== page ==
The embodiment according to FIG. 12 is in principle similarly constructed as the embodiment according to FIG. 10, and is provided with an intermediate part 44 which can be longitudinally displaced by the arresting means 12. The intermediate part 44 has a raised portion 45 which matches a clamping depression 46 which is machined into the clamping surface of the clamping bar 17, whereby the belt 6 can be form-fittingly clamped at the clamping bar 17.
In all embodiments, the braking device for the safety belt is so constructed that the braking friction between the roll surface of the arresting roller 9", i.e. after activation of the system, and the belt 6 is great enough so that a force moment is transferred to the arresting element, for example 12, which is sufficient to clamp the belt 6 directly or indirectly by means of the arresting element without slippage.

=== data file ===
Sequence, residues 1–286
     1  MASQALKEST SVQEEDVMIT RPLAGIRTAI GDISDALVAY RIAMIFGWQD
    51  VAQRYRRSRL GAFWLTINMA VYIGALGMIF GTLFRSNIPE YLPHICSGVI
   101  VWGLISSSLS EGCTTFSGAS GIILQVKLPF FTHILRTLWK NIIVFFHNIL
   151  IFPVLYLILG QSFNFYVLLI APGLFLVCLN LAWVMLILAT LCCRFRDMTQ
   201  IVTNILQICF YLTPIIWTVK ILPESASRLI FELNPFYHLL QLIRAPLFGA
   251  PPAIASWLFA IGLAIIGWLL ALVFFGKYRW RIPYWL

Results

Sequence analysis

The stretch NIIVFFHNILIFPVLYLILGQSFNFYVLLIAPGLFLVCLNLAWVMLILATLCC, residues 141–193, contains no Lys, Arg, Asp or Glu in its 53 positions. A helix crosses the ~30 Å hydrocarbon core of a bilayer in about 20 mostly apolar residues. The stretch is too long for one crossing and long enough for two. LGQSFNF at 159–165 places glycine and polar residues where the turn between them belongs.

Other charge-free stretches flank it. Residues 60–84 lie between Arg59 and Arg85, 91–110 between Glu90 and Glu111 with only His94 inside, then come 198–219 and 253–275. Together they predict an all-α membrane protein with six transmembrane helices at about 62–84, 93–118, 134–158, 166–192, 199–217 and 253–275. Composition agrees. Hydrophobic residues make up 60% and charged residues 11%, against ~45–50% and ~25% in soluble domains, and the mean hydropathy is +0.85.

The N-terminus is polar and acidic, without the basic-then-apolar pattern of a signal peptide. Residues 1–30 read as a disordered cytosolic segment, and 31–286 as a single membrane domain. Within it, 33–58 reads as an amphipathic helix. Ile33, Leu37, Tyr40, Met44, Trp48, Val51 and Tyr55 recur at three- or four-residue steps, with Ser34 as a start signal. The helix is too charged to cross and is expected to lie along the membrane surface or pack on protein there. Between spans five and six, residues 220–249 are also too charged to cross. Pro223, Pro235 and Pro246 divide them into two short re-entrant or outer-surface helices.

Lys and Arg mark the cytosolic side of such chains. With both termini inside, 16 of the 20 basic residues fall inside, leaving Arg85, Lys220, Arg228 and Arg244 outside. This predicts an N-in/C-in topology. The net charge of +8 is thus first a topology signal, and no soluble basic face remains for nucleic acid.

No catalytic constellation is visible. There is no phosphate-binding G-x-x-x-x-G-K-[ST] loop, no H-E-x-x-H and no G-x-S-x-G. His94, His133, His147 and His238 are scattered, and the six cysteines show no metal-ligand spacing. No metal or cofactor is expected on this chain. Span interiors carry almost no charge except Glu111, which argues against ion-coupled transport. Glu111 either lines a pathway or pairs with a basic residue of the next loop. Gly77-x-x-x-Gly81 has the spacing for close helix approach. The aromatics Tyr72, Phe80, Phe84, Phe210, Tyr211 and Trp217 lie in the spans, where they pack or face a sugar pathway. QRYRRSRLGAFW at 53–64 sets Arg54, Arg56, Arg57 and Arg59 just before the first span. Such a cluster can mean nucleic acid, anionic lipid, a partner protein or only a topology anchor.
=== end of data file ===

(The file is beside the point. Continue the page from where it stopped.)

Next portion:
In related calculations, the generally known friction laws can be used, as explained in the following example. Hereby, reference is made to the embodiment according to FIG. 2;
In this example the pulling force S2 =counter force S1 ×e.sup.μα, whereby μ is the friction coefficient of the friction pair between roller surface and belt 6, and α is the wrap-around angle of the belt 6. The friction value (force) can be determined from μ1 N=S1, whereby μ1 is the friction coefficient of the clamping point.
For the limit case force w=S1 =μ1 ×N (clamping force) and by a force moment ratio M=S2 ×distance a-S1 ×distance b, the result for the minimum friction value is μ1 ≧S1/N.
|Cited Patent||Filing date||Publication date||Applicant||Title|
|US3467337 *||Apr 3, 1967||Sep 16, 1969||Putman James A||Restraint device|
|US3817473 *||Nov 5, 1964||Jun 18, 1974||Board R||Retractable safety belts|